2017 Hyundai Elantra Eco: Real-World Fuel Economy

17Hyundai_Elantra-Eco_Fuel-Econ_AC_03.jpg 2017 Hyundai Elantra Eco | photo by Angela Conners

CARS.COM — Unlike the old days, when the cheapest version of a car gave you the best mileage, high-efficiency versions now typically cost more. The latest example is the Eco trim of the newly redesigned 2017 Hyundai Elantra. I spent a few days and a few hundred miles with this new gas-only sedan to see how it stacks up against the EPA estimates and its non-Eco brethren.

Related: 2017 Hyundai Elantra Review

Where the regular Elantra and its 2.0-liter non-turbo four-cylinder carries an EPA estimate of 28/37/32 mpg (city/highway/combined) with a conventional six-speed automatic transmission, the Eco is rated 32/40/35 mpg, endowed with a turbocharged 1.4-liter and a seven-speed, dual-clutch automated manual transmission. (The regular Elantra also offers a six-speed stick shift, but that’s the least-efficient option, rated 26/36/29 mpg; times have changed.)

After my first trip, a continuous 147 miles, the trip computer said my little Eco achieved a stunning 49.8 mpg. It was a little hard to believe, honestly, but conditions were very good, if not optimal. I reset the computer and hopped right on the interstate where speeds never exceeded 70 mph and seldom dropped below 40 mph apart from a brief stretch of rush-hour congestion. The trip computer reported an average speed of 55 mph. The route was over mostly flat Midwestern terrain, with minimal wind and the air conditioning on but facing temperatures below 80 degrees. I had the drivetrain set to Eco mode most of the time, but in modern cars I’ve found these settings to have little effect in the kind of mundane driving I was doing.

For my return trip I topped off the tank as a backup to the trip computer and covered mostly the same ground in 139 miles. This time there were crosswinds and higher temperatures, and though the trip computer ultimately reported an average speed of 56 mph, there were sustained periods of both higher and lower speeds than I encountered on the first trip — both of which used more fuel. Upon arrival, the trip computer read 47.6 mpg. I refilled the tank, which took just 2.9 gallons for a calculated 47.8 mpg. The pump test isn’t exceptionally accurate unless you can continue it over hundreds of miles and multiple fill-ups, but this result was pretty close, and still surprising.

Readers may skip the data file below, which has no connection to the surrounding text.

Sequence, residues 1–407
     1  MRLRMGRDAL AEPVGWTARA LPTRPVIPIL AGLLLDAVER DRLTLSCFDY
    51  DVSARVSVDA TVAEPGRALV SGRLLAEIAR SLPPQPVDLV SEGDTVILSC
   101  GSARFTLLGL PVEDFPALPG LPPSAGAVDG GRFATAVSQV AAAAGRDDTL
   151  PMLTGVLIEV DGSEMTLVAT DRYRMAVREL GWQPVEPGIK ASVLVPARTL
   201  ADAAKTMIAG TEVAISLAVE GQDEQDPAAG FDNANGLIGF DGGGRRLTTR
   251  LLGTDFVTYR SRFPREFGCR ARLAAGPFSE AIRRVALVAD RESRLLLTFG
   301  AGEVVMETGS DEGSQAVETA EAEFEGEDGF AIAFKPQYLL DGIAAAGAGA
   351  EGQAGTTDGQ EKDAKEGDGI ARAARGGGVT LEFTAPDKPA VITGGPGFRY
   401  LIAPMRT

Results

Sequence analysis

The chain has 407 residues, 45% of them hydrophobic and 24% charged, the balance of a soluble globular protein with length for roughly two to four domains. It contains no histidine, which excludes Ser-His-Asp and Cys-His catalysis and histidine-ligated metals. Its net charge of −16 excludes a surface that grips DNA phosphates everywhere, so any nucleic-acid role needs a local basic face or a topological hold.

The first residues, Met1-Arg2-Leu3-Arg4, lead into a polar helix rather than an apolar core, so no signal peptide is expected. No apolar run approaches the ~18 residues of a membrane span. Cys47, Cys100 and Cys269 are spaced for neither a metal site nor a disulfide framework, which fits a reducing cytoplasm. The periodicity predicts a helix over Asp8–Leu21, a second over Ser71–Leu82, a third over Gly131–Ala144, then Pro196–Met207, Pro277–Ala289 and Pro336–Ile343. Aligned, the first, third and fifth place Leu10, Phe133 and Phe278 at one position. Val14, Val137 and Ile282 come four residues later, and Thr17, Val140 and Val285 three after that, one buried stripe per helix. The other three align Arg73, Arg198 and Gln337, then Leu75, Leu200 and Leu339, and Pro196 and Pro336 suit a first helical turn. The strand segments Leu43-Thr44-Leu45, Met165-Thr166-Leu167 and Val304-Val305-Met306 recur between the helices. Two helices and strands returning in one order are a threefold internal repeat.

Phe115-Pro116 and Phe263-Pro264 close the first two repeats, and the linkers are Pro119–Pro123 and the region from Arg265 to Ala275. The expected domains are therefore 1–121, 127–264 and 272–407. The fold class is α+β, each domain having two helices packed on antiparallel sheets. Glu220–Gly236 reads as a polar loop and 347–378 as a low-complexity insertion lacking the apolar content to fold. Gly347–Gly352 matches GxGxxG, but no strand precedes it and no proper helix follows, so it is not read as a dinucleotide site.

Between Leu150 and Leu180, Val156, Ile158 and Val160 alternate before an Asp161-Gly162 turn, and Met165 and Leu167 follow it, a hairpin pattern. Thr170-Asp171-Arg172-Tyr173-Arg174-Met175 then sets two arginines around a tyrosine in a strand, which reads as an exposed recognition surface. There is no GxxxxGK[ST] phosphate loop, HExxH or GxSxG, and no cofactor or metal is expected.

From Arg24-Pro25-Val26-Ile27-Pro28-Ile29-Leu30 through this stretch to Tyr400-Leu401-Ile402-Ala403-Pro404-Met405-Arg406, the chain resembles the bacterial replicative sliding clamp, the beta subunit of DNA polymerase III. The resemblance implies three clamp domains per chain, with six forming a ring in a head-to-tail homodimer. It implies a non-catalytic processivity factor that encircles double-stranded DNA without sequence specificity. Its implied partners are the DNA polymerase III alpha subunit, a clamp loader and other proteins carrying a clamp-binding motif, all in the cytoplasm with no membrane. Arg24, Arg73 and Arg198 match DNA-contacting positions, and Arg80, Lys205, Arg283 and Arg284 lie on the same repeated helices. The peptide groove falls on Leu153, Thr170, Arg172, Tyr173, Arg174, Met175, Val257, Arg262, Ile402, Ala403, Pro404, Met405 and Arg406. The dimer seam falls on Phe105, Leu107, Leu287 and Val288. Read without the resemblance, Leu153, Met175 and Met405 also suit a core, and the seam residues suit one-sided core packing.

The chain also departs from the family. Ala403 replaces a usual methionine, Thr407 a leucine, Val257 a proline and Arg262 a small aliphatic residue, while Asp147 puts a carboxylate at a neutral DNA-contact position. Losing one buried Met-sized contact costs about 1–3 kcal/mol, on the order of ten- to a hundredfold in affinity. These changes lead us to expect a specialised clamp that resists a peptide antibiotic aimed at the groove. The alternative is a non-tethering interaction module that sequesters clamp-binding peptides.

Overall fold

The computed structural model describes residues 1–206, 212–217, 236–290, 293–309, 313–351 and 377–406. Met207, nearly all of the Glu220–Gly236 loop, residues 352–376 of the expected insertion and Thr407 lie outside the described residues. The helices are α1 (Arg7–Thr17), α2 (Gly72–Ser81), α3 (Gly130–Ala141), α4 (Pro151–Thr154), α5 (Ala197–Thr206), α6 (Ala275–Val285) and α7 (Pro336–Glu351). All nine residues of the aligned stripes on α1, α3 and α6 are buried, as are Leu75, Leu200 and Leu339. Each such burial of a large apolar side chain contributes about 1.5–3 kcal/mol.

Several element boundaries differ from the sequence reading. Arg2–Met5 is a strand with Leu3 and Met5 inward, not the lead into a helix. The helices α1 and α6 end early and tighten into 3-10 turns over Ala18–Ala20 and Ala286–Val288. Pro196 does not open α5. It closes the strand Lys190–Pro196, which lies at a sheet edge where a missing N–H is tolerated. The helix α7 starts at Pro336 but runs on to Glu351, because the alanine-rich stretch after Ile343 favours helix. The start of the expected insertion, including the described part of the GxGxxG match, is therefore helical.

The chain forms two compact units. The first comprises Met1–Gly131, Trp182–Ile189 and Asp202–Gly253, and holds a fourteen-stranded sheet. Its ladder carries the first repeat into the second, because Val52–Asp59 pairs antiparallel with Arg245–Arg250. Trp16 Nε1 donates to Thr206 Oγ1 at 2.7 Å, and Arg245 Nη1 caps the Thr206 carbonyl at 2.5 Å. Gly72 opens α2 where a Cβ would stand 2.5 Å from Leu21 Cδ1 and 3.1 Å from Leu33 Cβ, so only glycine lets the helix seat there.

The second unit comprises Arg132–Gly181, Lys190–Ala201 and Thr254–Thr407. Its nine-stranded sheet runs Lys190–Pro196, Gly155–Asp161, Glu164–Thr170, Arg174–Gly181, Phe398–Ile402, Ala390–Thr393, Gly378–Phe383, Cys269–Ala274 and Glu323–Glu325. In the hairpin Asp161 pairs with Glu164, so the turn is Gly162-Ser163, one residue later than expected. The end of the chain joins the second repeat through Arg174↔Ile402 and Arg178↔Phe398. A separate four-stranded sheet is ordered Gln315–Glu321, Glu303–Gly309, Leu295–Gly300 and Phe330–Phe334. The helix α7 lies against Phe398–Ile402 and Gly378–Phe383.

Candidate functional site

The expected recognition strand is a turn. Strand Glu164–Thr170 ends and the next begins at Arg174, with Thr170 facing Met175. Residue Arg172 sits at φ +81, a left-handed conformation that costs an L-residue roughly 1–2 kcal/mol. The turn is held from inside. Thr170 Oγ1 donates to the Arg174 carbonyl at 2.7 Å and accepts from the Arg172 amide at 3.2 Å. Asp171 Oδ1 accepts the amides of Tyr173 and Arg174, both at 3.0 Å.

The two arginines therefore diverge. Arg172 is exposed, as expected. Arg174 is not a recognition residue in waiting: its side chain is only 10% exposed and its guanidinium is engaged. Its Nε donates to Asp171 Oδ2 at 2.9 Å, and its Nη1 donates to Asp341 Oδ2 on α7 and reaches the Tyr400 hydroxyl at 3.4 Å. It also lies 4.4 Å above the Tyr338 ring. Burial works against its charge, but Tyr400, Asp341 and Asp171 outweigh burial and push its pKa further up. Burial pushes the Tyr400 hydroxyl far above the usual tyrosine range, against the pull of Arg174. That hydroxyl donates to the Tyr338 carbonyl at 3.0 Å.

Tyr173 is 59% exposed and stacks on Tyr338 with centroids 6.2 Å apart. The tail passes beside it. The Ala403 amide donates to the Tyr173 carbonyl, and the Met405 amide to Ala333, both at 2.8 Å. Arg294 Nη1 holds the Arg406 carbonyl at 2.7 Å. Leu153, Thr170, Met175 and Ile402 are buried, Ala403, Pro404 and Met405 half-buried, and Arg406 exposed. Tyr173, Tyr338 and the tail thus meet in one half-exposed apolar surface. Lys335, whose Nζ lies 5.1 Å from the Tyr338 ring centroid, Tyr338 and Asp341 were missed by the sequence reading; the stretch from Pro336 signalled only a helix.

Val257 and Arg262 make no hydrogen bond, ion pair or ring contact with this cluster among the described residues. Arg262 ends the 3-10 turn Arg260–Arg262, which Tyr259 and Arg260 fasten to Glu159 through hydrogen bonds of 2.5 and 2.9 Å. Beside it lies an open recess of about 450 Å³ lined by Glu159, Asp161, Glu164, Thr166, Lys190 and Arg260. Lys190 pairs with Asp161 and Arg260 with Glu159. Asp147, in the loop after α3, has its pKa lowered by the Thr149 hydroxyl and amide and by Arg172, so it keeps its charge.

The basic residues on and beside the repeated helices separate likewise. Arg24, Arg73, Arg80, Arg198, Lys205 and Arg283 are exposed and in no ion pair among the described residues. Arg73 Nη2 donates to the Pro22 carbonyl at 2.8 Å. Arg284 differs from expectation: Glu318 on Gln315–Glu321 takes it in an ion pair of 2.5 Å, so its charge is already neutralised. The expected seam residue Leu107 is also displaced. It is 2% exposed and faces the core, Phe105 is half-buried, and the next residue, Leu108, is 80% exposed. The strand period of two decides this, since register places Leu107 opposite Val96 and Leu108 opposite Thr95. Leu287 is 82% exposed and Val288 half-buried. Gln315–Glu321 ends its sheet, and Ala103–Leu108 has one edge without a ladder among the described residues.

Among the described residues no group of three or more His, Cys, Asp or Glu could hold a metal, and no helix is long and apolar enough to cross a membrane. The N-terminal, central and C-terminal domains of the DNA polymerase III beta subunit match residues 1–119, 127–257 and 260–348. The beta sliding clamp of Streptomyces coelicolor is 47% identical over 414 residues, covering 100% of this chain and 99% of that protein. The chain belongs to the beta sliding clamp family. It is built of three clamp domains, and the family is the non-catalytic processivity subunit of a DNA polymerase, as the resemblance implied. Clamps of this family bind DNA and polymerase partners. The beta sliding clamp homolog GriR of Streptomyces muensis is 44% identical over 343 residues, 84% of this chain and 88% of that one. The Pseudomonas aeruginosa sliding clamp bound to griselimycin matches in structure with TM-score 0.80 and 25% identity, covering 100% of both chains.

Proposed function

I convinced myself that the tires must be overinflated, which would explain both the mileage and the hard ride — notably hard for a car with an improved, reengineered suspension and regular (not run-flat) tires with uncommonly tall sidewalls on 15-inch wheels. Nope; I checked, and all four tires were 1 pounds per square inch below spec when cold.

The final test covered more than 130 miles of mixed driving over several days, with far more city duty — more stoplights and even higher heat. The trip computer reported 39.1 mpg and an average speed of 28 mph. This time around, the calculation came out to 34.0 mpg, a pretty big disparity between the two methods.

Even if the calculation is correct, the Elantra Eco beat the EPA combined number, an impressive showing. Mileage isn’t merely about speed — it’s about driving style, and’s hometown of Chicago and its associated suburban commutes demand more aggressive acceleration and inflict more of the type of transient slowdowns that gobble gas and provide no upside unless you’re in a hybrid or electric. If you think you’ll be doing more highway driving, the Eco has the old-school advantage. The most effective hybrids typically deliver better or equal mileage in city driving.

What’s the sacrifice versus the regular Elantra? For one thing, it costs $21,485 including destination versus $17,985 for an SE, and it comes only with a base interior — one whose diminished quality compared with the previous generation has caused something of a revolt.

What you don’t lose is much drivability. To the contrary, the seven speeds and 128 horsepower give the Eco some spirit compared with the 147-hp base engine. The Eco has 156 pounds-feet of torque at a low 1,400 rpm compared with the base 2.0-liter’s 132 pounds-feet at 4,500 rpm. You definitely feel it.

Though this transmission gives me fits in some Hyundai applications — most notably the Tucson — it works well here, with minimal lag and only some awkwardness launching off the line. You feel it pulsing when creeping, as in a parking maneuver.

Now if they’d just give the option of the upgraded interior…

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